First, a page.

Mississippi law does not limit the length of a knife blade, nor address “assisted opening” devices. Rather, the only type of edged weapons which are expressly prohibited from being carrying concealed are dirks, bowie knives, butcher knives and switchblades. This prohibition is also set out again in a separate section pertaining to convicted felons. Note that there are special provisions for educational property, as discussed in the section entitled “Educational Property.” In no statute is the carrying of a traditional pocket knife, i.e. not a bowie or dirk knife, prohibited. This means that a pocketknife is not per se a “deadly weapon” whose concealed possession is prohibited. However, caution is suggested since “the fact that a weapon is not specifically mentioned in the [deadly weapon] statute does not automatically exclude it as a deadly weapon.”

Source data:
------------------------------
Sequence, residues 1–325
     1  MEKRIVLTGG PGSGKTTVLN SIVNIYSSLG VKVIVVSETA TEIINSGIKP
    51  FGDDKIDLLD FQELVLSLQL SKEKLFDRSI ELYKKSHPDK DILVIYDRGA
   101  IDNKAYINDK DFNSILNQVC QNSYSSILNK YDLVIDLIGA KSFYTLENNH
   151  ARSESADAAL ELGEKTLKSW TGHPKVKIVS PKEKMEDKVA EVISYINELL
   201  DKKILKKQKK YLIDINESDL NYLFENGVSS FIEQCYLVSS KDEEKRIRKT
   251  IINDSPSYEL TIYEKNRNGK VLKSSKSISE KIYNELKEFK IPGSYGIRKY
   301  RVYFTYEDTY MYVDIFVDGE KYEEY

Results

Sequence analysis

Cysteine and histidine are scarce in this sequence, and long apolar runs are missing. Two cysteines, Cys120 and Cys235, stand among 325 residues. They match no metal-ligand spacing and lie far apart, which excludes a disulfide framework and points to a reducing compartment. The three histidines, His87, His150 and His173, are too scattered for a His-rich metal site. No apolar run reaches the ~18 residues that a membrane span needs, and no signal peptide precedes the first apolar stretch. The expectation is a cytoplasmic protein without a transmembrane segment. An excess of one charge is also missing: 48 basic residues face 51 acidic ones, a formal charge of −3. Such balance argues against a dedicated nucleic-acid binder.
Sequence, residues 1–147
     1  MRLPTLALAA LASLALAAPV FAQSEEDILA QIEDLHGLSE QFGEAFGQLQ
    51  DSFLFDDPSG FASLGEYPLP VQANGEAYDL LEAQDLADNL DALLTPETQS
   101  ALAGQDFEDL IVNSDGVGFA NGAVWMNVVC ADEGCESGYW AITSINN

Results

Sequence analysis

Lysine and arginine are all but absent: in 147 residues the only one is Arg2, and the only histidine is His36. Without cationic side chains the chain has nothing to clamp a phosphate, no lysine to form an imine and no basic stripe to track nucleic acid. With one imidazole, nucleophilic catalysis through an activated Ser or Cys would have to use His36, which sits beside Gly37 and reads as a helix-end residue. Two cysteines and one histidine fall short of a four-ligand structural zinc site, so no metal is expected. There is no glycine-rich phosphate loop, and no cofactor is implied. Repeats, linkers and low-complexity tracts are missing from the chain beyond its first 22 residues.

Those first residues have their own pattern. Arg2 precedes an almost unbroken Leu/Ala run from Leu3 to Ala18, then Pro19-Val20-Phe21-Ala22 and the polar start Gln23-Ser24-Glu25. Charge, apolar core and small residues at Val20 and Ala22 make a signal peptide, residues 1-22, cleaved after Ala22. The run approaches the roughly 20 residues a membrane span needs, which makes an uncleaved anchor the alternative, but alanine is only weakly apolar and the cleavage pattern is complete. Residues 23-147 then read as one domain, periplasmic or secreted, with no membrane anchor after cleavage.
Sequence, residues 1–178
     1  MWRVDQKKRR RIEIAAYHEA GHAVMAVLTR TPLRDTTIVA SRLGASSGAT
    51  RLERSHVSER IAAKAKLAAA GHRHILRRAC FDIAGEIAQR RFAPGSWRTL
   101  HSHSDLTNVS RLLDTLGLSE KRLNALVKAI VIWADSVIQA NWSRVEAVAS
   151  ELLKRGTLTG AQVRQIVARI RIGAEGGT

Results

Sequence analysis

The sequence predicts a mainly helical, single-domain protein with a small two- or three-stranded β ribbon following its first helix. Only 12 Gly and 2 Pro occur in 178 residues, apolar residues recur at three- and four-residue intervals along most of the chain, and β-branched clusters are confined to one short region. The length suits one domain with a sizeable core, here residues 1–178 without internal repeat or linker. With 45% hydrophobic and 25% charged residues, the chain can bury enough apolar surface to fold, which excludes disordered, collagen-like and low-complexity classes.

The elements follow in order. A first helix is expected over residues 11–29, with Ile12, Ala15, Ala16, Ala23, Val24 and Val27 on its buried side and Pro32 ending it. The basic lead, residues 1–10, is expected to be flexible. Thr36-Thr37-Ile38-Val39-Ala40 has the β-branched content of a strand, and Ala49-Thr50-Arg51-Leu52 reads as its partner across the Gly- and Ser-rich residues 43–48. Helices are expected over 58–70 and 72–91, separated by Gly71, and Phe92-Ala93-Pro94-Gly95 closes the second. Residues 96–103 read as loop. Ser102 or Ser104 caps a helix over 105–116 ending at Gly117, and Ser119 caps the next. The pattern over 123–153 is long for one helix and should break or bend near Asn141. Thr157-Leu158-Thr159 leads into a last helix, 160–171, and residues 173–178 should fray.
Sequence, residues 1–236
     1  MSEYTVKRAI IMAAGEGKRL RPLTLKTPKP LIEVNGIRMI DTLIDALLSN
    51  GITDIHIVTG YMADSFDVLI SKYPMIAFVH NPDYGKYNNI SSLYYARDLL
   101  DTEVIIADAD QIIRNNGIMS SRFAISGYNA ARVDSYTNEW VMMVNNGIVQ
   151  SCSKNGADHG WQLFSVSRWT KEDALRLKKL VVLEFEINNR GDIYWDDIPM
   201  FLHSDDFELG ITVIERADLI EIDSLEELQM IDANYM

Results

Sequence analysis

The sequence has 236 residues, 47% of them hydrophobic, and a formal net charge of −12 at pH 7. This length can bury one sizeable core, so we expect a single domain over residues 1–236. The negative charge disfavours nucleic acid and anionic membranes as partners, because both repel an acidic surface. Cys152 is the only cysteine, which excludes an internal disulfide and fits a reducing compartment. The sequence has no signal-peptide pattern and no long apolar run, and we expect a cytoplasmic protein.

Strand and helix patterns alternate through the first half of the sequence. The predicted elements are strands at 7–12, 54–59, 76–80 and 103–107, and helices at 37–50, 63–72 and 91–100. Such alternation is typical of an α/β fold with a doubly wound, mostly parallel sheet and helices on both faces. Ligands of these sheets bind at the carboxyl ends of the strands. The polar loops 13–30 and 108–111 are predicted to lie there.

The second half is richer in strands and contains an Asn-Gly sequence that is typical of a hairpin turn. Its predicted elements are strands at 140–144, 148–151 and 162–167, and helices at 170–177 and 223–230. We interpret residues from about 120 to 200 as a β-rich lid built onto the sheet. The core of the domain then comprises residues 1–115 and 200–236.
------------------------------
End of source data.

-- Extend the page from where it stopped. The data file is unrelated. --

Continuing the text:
There appear to be no cases in Mississippi addressing whether “assisted opening” knives are switchblades. Many other states have found such devices are not “switchblades” since manual activation of the blade, not a button located on the handle, is what initiates the opening process. However, Mississippi has defined a switchblade as “a knife containing a blade or blades which open automatically by the release of a spring or a similar contrivance.” No reference to the location of the button is mentioned. Arguably, assisted opening knives would not fall into this classification since most employ torsion bars and not a traditional “spring;” the ambiguity is whether a torsion bar is a “similar contrivance.”
Although no exhaustive search has been conducted, it is known that certain jurisdictions have restrictions on the blade length which can lawfully be concealed.